On Batt’s latest single, she invites Deep Sea Diver’s Jessica Dobson to sing with her, and the two create a stunning, soft-rock classic. The tune brims with the breathtaking intimacy of the Laurel Canyon scene of the late-’70s, yet it still feels modern and fresh. The burst of the electric guitar adds grit and urgency to this otherwise gorgeous number. Batt’s voice is simultaneously powerful and sincere, making it perfect company as twilight settles in. It’s the last thing one could hear before calling it a day, at which point we can dream about what was and what is to come. 

“We sit around the crowd and watch the southern lights
Trying to feel good but it just don’t feel right,
Where are all the memories we cared for
Too hard to revisit now,
I’ve been thinking, we should dance all night
Really feel, I don’t care what song
I just need, to dance my way through the pain”

BATTS’ new album, The Nightline, is out on Friday, October 14th. We can tell you it is a gorgeous album, so pre-order it on Bandcamp

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Dry Cleaning – “No Decent Shoes For Rain” (London, England)

RIYL: Squid, Baxter Drury, English Teacher

Is there a more interesting, entertaining, and engaging band around than Dry Cleaning? In their short career, the London four-piece have turned post-punk on its head with their off-kilter and brazen arrangements and the witty, weird, and whimsical lyricism of Florence Shaw (who, by the way, is a teacher). This year alone, they shared a dedication to Shaw’s family pet turtle, “Gary Ashby”, the bizarrely catchy “Anna Calls from the Arctic”, and the wiggly “Don’t Press Me”. Shaw (vocals), Nicholas Hugh Andrew Buxton (drums), Thomas Paul Dowse (guitar), and Lewis Maynard (bass) are creative geniuses. They make this point for us on their newest single, “No Decent Shoes For Rain”.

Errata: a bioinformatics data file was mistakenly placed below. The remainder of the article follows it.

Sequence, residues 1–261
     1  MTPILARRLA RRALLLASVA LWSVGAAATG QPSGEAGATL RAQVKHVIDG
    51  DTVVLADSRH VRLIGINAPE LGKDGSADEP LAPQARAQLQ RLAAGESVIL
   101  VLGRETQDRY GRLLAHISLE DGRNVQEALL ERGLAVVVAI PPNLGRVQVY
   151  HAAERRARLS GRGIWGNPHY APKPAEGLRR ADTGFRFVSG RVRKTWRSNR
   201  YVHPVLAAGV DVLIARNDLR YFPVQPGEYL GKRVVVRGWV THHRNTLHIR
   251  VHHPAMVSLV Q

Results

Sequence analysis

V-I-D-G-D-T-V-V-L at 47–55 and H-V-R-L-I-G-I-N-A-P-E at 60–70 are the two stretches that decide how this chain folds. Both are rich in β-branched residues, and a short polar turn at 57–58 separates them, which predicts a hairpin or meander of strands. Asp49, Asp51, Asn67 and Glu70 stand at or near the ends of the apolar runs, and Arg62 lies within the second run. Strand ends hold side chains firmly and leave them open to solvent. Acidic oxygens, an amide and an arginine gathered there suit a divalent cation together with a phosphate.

When writing this song, we wonder if they had their tour in mind since they list a bunch of countries and cities right at the start – New Zealand, France, Switzerland, Northampton, Exeter, and Egypt. This track, however, is not a geography lesson. It actually concerns more serious matters. In a way that only Dry Cleaning could do, they turn post-punk into a somber, pensive, and grueling genre. Sincere-turned-gritty guitars, a plucky bass, mournful keys, and melodic percussion create the woozy atmosphere. Meanwhile, Shaw, in her usual spoken-word approach, narrates the “madness” within and around her. While she shares that the track largely deals with grief – the grief that comes with the loss of loved ones, ending of relationships, and the accompanying feelings of loneliness and depression – Shaw does it in a way that only she can: with wit.